During the last few months, the media has done a remarkable job of taking aim at the UFC and the perceived marginal cards the company has presented for pay-per-view consumption.
Each challenge to the value of an event contained references to the injuries and illnesses that had stripped a number of shows of their marquee names.
Of course, those references usually came after mentions of how the world was coming to an end, how criminal it was for the UFC to ask for $49.99 for a certain card, and how they were failing to live up to the lofty standards spoiled fans had come to expect over the years.
Yes, I said spoiled.
Now, after coming through an injury-plagued final four months of 2009, the UFC is poised to put on two tremendous shows in the opening quarter of 2010, and the media will surely be singing the praises of Dana White, Joe Silva, and the UFC once again.
Somewhere between now and UFC 112 in Abu Dhabi, a mass mea culpa from the media is deserved, though it will never come.
While some will ask, "Why?" and make reference to the media's job of questioning everything and offering no free passes, for me, the truth is that offering up such a statement would go a long way to not only increase the credibility of those in the industry, but also give Dana White and the UFC a nugget of credit in a forum where they are mostly put under the microscope.
First and foremost, I'm not trying to say that the members of the MMA media are without credibility. As a whole, they are an extremely talented and credible collection of journalists, and a group that I would one day like to count myself as part of, though opinion pieces like this may hurt my chances.
We live in a society of constant criticism and negative reporting; the heart-warming stories come at the end of the news and on the back pages of the few remaining newspapers, while scandals, crises and criticisms garner the bulk of the attention.
Retractions are printed in fine print and stuffed in a corner.
Remind me, was that because White and Silva wanted to be jerks and keep their stars away from the fans, or because a rash of injuries, illnesses, and the acting bug swarmed the company?
UFC 105 was free, and anything that you get for free is better than nothing. Arguing the strength of a fight card that delivered seven free fights is like debating how good free pizza tastes.
They were free—accept them with a smile and move on.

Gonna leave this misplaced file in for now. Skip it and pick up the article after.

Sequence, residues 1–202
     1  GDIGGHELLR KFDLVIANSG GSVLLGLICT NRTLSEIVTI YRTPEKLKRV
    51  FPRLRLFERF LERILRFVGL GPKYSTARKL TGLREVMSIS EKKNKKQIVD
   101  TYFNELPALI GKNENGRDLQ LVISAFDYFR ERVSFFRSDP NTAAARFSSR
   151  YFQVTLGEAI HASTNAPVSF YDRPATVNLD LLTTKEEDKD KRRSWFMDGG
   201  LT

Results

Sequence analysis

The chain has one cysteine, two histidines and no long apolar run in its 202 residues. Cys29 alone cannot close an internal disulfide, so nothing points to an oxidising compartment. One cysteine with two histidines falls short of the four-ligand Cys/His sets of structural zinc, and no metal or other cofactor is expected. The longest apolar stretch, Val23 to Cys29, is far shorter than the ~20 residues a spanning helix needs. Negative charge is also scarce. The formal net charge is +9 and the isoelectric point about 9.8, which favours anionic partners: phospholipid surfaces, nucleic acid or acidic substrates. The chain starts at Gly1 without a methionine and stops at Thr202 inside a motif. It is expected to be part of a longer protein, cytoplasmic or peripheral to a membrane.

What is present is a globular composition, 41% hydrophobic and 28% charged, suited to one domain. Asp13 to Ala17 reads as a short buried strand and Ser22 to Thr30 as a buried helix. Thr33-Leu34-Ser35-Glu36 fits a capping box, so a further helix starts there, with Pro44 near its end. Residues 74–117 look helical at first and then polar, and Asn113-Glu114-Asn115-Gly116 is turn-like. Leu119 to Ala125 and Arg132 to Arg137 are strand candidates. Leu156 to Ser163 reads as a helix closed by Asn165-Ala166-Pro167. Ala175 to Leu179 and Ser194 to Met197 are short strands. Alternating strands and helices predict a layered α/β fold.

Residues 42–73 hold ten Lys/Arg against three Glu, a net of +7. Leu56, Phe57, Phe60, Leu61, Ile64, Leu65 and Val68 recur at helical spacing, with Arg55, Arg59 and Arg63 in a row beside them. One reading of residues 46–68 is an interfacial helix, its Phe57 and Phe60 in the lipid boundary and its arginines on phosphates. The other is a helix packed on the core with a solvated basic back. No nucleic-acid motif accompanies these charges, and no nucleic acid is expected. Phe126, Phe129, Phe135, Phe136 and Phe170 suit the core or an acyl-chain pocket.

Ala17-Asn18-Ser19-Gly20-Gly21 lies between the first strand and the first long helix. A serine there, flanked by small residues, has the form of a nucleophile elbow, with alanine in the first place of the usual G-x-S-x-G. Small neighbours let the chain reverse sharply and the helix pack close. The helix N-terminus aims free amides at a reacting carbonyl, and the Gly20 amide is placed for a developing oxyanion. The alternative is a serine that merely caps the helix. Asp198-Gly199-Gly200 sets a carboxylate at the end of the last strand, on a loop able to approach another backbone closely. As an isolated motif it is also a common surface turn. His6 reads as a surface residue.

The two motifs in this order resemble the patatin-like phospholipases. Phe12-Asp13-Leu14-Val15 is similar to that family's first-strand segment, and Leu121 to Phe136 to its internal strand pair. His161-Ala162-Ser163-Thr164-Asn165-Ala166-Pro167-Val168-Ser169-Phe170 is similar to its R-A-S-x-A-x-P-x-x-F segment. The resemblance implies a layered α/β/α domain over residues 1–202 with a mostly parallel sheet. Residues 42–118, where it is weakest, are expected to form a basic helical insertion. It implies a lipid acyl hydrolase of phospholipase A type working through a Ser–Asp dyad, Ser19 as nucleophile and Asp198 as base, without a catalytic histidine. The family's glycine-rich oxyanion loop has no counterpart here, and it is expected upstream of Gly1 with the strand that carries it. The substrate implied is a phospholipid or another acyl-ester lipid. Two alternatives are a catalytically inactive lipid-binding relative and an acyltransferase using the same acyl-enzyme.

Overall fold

While Ortiz vs. Griffin 2 wasn't as exciting or "long-awaited" as the UFC hype-machine made it out to be, it sure was better than Ortiz vs. Coleman 1 would have been.
From where I was sitting—my couch, next to my wife and dog—UFC 107 was a pretty strong card, with the destruction of Diego Sanchez at the hands (and shin) of the best lightweight on the planet serving as the final act.
We saw the debut of the bulked-up, Brock-ready Frank Mir in a wholly expected submission of Cheick Kongo , Kenny Florian stop a battered and bloodied Clay Guida, and a solid opening bout between Paul Buentello and Stefan Struve.
Jon Fitch may have put a few people to sleep by doing what he always does right in the middle of the event, but still, a pretty solid show all in all.
Lastly, the much-maligned UFC 108 was a highly-entertaining night of fights, with nine of the ten fights on the program ending up on the PPV broadcast.
My colleague Zak Woods at Watch Kalib Run actually viewed that as a negative, somehow being frustrated by the opportunity to re-watch fights he had previously enjoyed on SpikeTV in addition to the five fights he paid to see.
No, we're not a spoiled group at all.
Yes, the results went pretty much according to Hoyle, and the main event stumbled a little, but here's the thing: would you have liked the UFC to cancel the card entirely?
While I accept the "put it on Spike for free" argument—especially as a big fan of all things free—the UFC doesn't air major North American events on Spike, and we all know that.
Was it as awesome as the traditional New Years shows we've gotten in the past? No, but those cards weren't pulled apart by injuries. This one was.
While Sherdog addressed the "I told you so moment" Dana White was able to enjoy following the completion of UFC 108, on the whole, the tremendous job the UFC has done in navigating the injuries and illnesses over the last few months has gone unspoken.
A number of outlets will surely feature a story on the poor numbers that UFC 108 is undoubtedly going to post, and that too seems a little disingenuous.
If enough of the experts and respected voices in the business pan an event, it goes without saying that a great number of people are going to take their opinions as law and avoid said event like the plague.
It's like high school: everyone looks to the cool kids for how to act, and sure enough, loads of followers end up copying their every action.
Accept it—there are a lot of lemmings in the world.
So if influential voices from Sherdog and Sports Illustrated and Yahoo are all telling fans to keep away from UFC 108, criticizing the value of the card and bitching about the cost, a number of people who were planning on purchasing the event undoubtedly had a "well, if they say it's crappy, I won't buy it" moment, and missed an entertaining event.
Not as entertaining as it could have been, but far more entertaining than a Saturday night without any fights.
I'm not saying we need to throw a parade or anything, but where is the harm in offering up a few words of acknowledgment for coming through a difficult stretch with some quality fights?
Congratulations on getting through the last few months and putting on some solid cards. You were right, we were wrong. The crow needs a little salt.
Looking forward to the upcoming events; they all look pretty stacked.
All the best in 2010,
—UFC Fans and Media Who Ripped on You for Three Months